Unity Interception vs. PolicyInjection

Feb 2, 2009 at 10:51 AM

It would seem as though the combination of interception within unity has some fundamental changes that really makes it no viable for all but the simplest of Call Handlers including custom. Let me explain, prior to adding interception support to unity you would have to include a policy injection section configuration element within your application configuration, adding the relevant matching rules and handlers. And this is where the problem occurs within the interception policy world you can add custom configuration denoted by the ConfigurationElementType(typeof(...)) attribute. This works really well for complex call handlers:<o:p></o:p>

<o:p> </o:p>

       <handlers>

          <add type="ATO.EN.ApplicationServices.Policies.Messages.MessageLookupPolicyHandler, ATO.EN.ApplicationServices"

               lookupProviderName="MessageLookupProvider" order="0" name="Message Lookup Handling"/>

          <add type="ATO.EN.ApplicationServices.Policies.Caching.CachingPolicyHandler, ATO.EN.ApplicationServices"

            cacheManagerInstanceName="Cache Manager" cacheItemPriority="<st1:place w:st="on">Normal</st1:place>" order="0" name="Caching Policy">

            <cacheItemExpirationsData><o:p></o:p>

              <clear /><o:p></o:p>

              <add cacheItemExpirationDataType="ATO.EN.ApplicationServices.Policies.Caching.Configuration.AbsoluteTimeExpirationData, ATO.EN.ApplicationServices"<o:p></o:p>

                absoluteTime="2009-10-23 11:47pm" name="Absolute Time Expiration" /><o:p></o:p>

            </cacheItemExpirationsData><o:p></o:p>

          </add>

        </handlers>

 

As we can see the caching call handler has some complex configuration requirements. Within the new world I’m able to define interception within the unity container (within configuration) via the extensionConfig element. It would appear I’m limited to the same elements as the usual unity typeconfig element within injection tag. In other words constructor, property and method elements.<o:p></o:p>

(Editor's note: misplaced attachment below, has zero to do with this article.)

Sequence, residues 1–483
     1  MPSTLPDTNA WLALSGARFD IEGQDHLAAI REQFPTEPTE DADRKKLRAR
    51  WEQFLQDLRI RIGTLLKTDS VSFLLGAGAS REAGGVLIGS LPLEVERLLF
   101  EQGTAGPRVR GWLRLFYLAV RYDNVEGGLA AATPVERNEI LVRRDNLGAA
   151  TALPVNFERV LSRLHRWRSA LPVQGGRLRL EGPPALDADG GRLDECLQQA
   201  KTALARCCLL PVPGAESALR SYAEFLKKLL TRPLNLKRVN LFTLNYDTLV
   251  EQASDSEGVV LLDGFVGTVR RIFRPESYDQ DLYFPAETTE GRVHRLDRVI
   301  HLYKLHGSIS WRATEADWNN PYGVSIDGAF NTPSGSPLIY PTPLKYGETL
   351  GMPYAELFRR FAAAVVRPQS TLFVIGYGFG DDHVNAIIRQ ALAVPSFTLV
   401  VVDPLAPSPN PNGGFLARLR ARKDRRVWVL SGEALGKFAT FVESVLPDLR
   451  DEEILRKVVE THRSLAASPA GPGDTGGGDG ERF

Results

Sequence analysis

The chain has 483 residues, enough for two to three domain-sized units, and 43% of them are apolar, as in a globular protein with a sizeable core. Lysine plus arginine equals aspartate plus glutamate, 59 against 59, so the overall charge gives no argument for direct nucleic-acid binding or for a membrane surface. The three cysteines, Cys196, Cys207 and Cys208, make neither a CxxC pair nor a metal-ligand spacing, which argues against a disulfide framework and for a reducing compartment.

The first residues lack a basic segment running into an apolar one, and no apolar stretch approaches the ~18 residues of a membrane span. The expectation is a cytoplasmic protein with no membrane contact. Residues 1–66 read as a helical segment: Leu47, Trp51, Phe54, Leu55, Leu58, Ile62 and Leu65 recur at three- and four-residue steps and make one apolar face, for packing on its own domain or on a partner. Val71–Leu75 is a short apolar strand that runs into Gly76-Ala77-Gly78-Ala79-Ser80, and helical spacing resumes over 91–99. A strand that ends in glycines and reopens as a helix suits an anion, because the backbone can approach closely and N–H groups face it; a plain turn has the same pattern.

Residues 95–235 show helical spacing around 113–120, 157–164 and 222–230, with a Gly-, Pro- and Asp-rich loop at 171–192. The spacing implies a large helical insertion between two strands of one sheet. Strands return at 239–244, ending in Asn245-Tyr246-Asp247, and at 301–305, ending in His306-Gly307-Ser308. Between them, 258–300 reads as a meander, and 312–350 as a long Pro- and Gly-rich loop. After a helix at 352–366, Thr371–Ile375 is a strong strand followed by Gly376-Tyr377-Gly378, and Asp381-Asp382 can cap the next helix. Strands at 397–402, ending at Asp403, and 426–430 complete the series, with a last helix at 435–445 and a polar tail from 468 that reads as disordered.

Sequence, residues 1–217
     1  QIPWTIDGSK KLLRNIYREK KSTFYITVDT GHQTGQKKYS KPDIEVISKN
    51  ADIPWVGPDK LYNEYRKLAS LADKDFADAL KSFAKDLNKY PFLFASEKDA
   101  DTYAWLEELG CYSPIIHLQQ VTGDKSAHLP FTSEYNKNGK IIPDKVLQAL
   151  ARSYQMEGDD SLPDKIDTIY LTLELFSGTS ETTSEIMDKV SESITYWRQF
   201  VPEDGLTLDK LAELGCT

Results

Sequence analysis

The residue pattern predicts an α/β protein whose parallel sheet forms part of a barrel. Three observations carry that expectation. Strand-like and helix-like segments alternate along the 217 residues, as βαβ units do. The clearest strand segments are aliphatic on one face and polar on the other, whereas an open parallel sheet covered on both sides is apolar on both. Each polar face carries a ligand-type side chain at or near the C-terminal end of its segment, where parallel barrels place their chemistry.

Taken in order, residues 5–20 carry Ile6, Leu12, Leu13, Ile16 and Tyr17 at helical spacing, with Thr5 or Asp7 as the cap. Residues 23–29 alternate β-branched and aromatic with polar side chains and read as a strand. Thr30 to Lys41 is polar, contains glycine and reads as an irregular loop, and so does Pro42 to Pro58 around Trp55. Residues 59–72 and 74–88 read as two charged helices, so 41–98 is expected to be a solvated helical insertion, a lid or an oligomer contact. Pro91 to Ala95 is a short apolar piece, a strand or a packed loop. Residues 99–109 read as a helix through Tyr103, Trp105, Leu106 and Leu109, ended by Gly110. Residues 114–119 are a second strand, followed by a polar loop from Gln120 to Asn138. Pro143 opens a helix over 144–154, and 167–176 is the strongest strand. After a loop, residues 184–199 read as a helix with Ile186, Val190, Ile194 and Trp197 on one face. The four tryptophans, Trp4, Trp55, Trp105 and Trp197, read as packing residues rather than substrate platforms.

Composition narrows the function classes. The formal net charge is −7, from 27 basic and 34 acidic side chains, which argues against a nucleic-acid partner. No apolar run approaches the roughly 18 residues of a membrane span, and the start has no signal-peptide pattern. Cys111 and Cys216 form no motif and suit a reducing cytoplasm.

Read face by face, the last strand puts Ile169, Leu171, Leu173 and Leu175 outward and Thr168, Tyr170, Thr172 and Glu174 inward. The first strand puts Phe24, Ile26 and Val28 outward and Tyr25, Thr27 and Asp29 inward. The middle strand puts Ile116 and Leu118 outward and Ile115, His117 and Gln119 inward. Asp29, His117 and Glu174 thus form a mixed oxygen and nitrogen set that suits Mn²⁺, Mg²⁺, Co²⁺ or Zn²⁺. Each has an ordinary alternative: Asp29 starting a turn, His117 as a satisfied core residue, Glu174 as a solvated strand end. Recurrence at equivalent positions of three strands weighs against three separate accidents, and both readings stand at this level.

<o:p> </o:p>

Is this the expected coding style going forward or is there any way in which the old configuration support can be utilized. It would be really cumbersome to not be able to provide custom configuration.<o:p></o:p>

Feb 2, 2009 at 7:39 PM
Everything in the custom config ends up being either constructor parameters or property values on the call handler, so you don't actually lose any capabilities. You just need to specify the information in a different way. Having said that, the old config is a lot less verbose and you have the advantage of configuration tool support.

Luckily, it's pretty easy to use the older PIAB config with the Unity interception mechanism. I've got some code around here I'll try to dig up that does it. Basically, you get a PolicyInjectionSettings object from your configuration source, then use it to configure your existing container. Pretty straightforward, I'll post the code later.

Feb 2, 2009 at 10:13 PM
Found it. This extension method:

        public static Interception ApplyPIABConfiguration(this Interception containerExtension)
        {
            IConfigurationSource configSource = ConfigurationSourceFactory.Create();
            var settings =
                (PolicyInjectionSettings) configSource.GetSection(PolicyInjectionSettings.SectionName);

            if(settings != null)
            {
                settings.ConfigureContainer(containerExtension.Container, configSource);
            }

            return containerExtension;
        }

can be used like this:

container.Configure<Interception>().ApplyPIABConfiguration();

and it'll read the PIAB config out of your standard configuration source and suck it into the container.



Feb 3, 2009 at 5:07 AM
Would another alternate solution be to use a type with a custom type config rather than relying on the default TypeInjectionElemen? if so what would I need to do to implement it I've not seen any examples of custom type config.